Deutsche Bank is projecting a 7% increase in assets under management at the world’s hedge funds this year. The firm based that projection on the results from its 13th annual hedge fund survey. Deutsche Bank surveyed 435 hedge fund investors who represent more than $1.8 trillion in assets under management about their plans for fund allocations and sentiment on the industry.
Biggest hedge funds are getting even bigger
The firm said in a press release today that the global hedge fund industry is on track to surpass $3 trillion in assets under management by the end of this year. The survey indicated that 39% of institutional investors are planning to increase their investments in hedge funds.
Deutsche Bank also reports that asset growth is still the highest among the biggest hedge funds, as has been the case since 2008. The survey found that firms which manage more than $5 billion have grown 141%. That’s compared to a 53% growth rate for smaller hedge fund firms.
The investment bank estimates that fewer than 200 firms make up over two-thirds of the assets in the entire hedge fund industry.
How investors choose a hedge fund
Probably one of the reasons the biggest hedge funds are attracting the lion’s share of the industry growth is because of the ever-widening gap between outperforming and underperforming funds. According to Deutsche Bank, the average hedge fund returned 3.33% last year, but the top fifth percentile of hedge funds saw returns higher than 22%.
Unsurprisingly, investors are also seeking steadier and more “predictable risk-adjusted returns,” according to the firm. The survey indicated that expectations for risk and return on traditional hedge funds have plunged, while the desire for performance that is steadier and more predictable increased. Just 14% of those who took part in Deutsche Bank’s survey said they want to see returns greater than 10% for a head fund portfolio. Last year, 37% of them said they were looking for returns that high.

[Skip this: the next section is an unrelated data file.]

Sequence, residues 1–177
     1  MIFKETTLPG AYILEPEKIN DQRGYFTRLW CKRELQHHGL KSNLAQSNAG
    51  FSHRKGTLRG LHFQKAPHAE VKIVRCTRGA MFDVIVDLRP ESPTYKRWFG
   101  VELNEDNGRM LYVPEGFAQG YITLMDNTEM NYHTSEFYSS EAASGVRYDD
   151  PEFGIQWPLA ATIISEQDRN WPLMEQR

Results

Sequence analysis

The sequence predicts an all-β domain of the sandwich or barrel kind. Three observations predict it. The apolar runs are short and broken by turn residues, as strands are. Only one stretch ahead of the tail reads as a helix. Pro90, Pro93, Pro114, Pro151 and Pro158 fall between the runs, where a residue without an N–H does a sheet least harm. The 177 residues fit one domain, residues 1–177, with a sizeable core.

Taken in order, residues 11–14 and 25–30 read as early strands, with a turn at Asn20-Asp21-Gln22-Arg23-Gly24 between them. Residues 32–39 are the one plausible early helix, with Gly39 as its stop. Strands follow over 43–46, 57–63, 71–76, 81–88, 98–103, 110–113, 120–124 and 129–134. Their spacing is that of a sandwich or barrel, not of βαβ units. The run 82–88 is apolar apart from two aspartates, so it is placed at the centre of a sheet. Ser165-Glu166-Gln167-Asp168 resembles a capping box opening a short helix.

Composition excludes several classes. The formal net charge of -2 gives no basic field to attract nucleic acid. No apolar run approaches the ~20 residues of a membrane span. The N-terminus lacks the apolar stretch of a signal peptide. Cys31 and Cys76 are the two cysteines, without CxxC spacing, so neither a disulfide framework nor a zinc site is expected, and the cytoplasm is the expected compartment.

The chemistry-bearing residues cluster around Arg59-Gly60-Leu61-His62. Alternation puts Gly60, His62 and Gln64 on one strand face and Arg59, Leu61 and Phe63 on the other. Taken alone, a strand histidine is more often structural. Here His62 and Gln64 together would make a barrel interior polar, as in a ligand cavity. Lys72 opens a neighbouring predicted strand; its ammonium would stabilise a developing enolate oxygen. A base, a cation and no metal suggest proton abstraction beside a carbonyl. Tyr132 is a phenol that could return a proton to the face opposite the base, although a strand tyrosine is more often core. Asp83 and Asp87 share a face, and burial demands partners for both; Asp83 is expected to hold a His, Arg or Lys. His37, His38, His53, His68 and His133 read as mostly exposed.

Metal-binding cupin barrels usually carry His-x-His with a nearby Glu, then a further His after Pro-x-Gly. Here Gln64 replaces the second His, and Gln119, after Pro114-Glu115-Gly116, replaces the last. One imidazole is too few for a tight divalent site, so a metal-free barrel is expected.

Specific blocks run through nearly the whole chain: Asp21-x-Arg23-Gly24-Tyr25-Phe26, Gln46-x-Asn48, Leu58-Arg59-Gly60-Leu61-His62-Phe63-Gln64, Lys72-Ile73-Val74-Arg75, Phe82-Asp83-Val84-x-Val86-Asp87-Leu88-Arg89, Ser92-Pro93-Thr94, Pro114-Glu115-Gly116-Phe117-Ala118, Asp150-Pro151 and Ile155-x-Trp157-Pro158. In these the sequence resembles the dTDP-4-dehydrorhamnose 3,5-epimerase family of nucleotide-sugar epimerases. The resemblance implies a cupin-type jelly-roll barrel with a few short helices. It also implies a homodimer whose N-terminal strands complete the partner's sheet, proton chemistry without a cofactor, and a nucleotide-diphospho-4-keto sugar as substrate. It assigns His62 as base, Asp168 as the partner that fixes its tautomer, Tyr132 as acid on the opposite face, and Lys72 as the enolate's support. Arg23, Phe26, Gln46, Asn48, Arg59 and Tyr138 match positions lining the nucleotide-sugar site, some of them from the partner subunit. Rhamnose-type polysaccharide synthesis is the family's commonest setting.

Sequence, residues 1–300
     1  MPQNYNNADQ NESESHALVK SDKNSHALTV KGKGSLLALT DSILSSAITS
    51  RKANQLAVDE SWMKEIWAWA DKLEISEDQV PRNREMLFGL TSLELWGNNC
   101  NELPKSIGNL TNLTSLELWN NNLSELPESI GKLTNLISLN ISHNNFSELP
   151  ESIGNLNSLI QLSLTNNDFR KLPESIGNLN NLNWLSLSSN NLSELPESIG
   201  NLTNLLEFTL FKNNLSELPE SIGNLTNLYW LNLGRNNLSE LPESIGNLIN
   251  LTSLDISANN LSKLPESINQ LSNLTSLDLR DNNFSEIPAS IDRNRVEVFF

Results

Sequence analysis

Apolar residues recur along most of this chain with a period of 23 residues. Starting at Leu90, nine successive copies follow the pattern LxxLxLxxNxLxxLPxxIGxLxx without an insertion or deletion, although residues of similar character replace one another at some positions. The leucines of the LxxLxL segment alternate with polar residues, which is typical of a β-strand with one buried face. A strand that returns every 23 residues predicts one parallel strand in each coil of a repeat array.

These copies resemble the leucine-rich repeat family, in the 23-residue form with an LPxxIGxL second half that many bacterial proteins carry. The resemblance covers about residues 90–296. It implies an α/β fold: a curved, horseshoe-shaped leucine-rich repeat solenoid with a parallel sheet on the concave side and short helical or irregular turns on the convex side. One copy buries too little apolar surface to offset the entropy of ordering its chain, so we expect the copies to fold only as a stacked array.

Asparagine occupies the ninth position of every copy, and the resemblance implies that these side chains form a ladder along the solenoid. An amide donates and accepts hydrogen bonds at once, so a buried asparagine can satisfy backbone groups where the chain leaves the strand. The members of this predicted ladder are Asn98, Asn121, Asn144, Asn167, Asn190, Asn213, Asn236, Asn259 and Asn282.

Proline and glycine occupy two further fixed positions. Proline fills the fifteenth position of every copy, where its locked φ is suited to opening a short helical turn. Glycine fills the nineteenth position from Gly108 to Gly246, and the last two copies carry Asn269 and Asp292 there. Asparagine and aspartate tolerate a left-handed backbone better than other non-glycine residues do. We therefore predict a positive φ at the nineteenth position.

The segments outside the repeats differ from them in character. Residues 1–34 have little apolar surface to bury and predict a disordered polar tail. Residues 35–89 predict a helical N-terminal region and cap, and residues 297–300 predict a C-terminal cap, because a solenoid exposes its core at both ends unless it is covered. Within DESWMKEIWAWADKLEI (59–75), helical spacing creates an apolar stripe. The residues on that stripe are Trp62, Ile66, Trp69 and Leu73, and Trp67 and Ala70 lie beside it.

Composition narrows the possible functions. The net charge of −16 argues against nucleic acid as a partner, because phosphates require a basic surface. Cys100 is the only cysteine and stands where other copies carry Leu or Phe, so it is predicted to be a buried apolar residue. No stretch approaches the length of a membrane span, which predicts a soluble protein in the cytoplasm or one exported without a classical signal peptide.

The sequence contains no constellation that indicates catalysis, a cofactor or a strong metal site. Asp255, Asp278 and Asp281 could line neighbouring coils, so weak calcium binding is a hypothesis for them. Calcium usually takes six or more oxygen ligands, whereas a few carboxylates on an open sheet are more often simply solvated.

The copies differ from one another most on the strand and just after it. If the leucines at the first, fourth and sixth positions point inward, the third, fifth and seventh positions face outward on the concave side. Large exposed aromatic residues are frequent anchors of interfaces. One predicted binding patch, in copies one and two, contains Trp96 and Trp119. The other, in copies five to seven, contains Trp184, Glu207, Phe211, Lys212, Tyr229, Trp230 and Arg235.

However, the investment bank added that 40% of those who participated in the survey co-invest with hedge fund managers so that they can see greater exposures to the managers’ best ideas, thus seeing greater returns. Additionally, 72% of the investors in this group are planning to raise their allocation this year.
Quantitative strategies, Asia becoming popular
In 2014, hedge funds following quantitative strategies performed very well, and as a result, they are becoming more popular. According to Deutsche Bank, a third of the most sought-after quantitative strategies are “commodity trading advisor (CTA), quant equity market neutral and quant equity.”
Hedge fund investors are also looking to Asia for more investment opportunities. The firm found that 30% of its survey participants are intending to invest more in Asian hedge fund managers in the next year. That’s a significant increase from the 19% who said last year that they were intending to do that.
In particular, investors’ appetites are starting to be whetted by the opportunities in China. The survey indicated that 25% of investors by assets under management intend to invest more in Chinese hedge fund managers, compared to 11% the previous year.
India is also expected to see a big-time increase in inflows, as 26% of investors said they plan to increase their portfolio’s exposure to the nation, compared to last year’s 4%.